Detroit’s Wishing Well Runs Dry

Our march toward the Era of Broken Promises took another big step this week with the developments in Detroit’s massive municipal bankruptcy, though the ultimate destination of this journey is still just a dim speck on the horizon.

On Tuesday a federal judge ruled that Detroit could formally enter the bankruptcy process. The judge, Steven Rhodes, also specified that the city’s pension obligations are fair game for adjustment – meaning, in all likelihood, sharp reductions – in the process. The New York Times reported that Detroit has $3.5 billion in unfunded pension liabilities among its other municipal debts. And though the Michigan Constitution specifically protects pension obligations, Rhodes made clear that federal bankruptcy law overrides state law in this instance, setting a precedent for other municipal bankruptcies.

Not surprisingly, public employee unions and pension fund representatives promptly began to discuss appealing the decision. At least one union filed a notice of appeal the same day the decision was announced. Bruce Babiarz, a spokesman for the Detroit Police and Fire Retirement System, called the ruling “the canary in a coal mine for protected pension benefits across the country.”

I expect there will be a big difference between what public employee unions should do and they probably will do. Unions across the country would be wise to try to reach settlements with state and local governments before additional fiscal crises like Detroit’s erupt. Getting ahead of such situations would give unions more room to negotiate, and a chance to secure larger and more financially viable solutions for their members; waiting will mean letting problems fester until, like Detroit’s, they yield dire outcomes.

If I were a union leader, I would want to protect the benefits my members have already earned, and change the way they earn benefits going for forward. Detroit makes it obvious that, for future work by current employees and future hires, unions should demand cash on the barrelhead, in the form of higher salaries or employer-funded defined contribution plans, in which workers’ shares vest promptly and which workers themselves can individually own.

In effect, what I advise is that public sector unions secure their workers’ current and future benefits today, even at the cost of a haircut, rather than maintain the fiction that public employees can continue to benefit from unfunded deferred compensation as long as the costs are back-loaded and thus shifted to tomorrow’s taxpayer-voters, rather than today’s, who enjoy the benefits of those workers’ services. Detroit has shown everyone that once the future becomes the present, such benefits are likely to prove to be a mirage.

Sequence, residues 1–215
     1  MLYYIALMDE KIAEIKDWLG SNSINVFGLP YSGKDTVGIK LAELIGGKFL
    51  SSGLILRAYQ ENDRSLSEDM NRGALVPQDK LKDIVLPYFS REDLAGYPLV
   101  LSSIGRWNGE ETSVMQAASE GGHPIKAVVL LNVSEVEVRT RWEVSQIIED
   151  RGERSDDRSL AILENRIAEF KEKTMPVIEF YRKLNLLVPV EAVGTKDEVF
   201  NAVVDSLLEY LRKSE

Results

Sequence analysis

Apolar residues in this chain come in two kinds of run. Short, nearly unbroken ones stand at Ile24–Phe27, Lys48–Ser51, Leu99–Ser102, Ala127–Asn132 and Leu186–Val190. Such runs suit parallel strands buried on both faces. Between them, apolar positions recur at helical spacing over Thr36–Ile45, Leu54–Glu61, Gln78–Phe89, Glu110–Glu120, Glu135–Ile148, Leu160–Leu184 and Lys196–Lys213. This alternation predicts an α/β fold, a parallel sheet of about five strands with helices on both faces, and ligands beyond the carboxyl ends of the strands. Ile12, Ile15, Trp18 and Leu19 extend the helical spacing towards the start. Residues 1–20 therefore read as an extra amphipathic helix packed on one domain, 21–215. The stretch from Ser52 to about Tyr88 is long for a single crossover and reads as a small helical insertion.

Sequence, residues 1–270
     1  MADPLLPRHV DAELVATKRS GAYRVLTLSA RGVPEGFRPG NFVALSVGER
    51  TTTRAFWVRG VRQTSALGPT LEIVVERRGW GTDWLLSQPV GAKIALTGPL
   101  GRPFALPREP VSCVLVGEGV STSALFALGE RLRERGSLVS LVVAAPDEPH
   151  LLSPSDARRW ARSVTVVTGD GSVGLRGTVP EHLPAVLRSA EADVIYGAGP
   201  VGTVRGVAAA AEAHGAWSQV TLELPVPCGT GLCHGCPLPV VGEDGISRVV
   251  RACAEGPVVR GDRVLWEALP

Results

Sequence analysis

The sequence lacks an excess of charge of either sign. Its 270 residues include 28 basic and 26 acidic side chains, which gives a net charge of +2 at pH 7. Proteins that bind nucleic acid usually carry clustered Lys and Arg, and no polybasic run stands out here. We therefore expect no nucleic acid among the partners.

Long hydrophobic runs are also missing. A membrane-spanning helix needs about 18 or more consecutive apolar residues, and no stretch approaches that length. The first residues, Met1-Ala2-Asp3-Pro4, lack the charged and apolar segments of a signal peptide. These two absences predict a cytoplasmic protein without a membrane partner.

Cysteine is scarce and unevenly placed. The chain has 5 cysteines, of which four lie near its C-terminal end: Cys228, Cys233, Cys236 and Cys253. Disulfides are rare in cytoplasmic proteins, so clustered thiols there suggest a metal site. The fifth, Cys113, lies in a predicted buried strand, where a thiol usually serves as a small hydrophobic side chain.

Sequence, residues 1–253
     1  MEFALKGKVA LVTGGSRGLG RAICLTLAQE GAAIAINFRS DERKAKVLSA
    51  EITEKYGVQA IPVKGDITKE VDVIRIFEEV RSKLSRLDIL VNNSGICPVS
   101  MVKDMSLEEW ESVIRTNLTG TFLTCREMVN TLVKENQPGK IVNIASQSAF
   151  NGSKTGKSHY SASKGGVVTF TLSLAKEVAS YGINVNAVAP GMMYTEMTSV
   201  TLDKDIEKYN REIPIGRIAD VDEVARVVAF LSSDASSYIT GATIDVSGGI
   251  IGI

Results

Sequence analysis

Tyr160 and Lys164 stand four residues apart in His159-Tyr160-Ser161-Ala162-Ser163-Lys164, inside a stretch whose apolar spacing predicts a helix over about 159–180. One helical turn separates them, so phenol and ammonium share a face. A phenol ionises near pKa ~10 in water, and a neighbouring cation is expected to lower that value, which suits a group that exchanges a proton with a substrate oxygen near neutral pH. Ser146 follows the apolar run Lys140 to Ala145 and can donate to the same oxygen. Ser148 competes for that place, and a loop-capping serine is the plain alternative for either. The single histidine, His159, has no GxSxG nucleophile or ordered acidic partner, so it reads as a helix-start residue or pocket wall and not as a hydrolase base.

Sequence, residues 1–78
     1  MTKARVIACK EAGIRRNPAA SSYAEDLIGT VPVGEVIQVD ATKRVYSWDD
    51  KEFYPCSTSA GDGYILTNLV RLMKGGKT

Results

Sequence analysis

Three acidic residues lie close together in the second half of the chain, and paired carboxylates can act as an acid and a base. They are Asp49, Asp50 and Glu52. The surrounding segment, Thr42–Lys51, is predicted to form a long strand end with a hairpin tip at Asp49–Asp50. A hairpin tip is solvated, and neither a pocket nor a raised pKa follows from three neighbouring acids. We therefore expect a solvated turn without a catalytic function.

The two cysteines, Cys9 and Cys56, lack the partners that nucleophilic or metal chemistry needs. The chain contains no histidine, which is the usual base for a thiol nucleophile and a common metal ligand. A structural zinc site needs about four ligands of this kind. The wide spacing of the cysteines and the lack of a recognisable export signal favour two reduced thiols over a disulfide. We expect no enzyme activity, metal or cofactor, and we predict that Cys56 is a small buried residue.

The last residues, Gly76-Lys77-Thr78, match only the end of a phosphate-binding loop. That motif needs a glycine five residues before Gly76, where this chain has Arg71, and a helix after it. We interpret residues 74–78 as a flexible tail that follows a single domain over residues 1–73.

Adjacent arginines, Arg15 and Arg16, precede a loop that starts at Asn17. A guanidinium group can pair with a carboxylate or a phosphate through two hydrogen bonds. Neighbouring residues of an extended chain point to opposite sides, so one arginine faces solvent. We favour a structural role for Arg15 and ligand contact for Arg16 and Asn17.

Lest non-Detroit unions feel that the era of broken promises is unlikely to affect them, it is worth noting that The New York Times ran two articles concurrently with the story of Rhodes’ decision: one about the Illinois Legislature’s attempt to support a flagging pension system and one describing how the Detroit decision may alter the course of municipal bankruptcies already underway in California. California bankruptcies that previously left pension plans untouched may be revised, especially as opponents of the current plans have said that leaving pensions alone would mean not saving enough money to restore cities’ financial health.

As for Illinois, though the Legislature passed a deal to shore up the state pension system, The Wall Street Journal critically pointed out that the defined contribution plans designed to replace traditional pensions remain under state control, allowing lawmakers to “raid” them at any time. This situation is the worst of both worlds for public sector employees, but since unions across the country have, for the most part, staunchly refused to compromise, this sort of last-ditch fix might be the only choice some states or municipalities have left by the time they get around to addressing the problem. Critics of the Illinois bill have pointed out that even these changes will be insufficient to meet the state’s pension funding shortfall.

What I think Detroit’s public employee unions will do, in contrast to what they should do, is first appeal Rhodes’ decision. I expect such appeals to be unsuccessful; I think the judge was both correct and realistic, and I suspect higher courts will agree. The same will likely hold true on the municipal level in other places.

Next the unions are likely to fight to have municipal obligations, like those in Detroit, treated as contracts that are binding on the state level, effectively asking the state to make up the gap where municipal promises fall short. While the results of this gambit will vary depending on local politics, it will probably have limited success, since people in localities that have not made unrealistic promises are unlikely to want to foot the bill for their neighbors in places that have.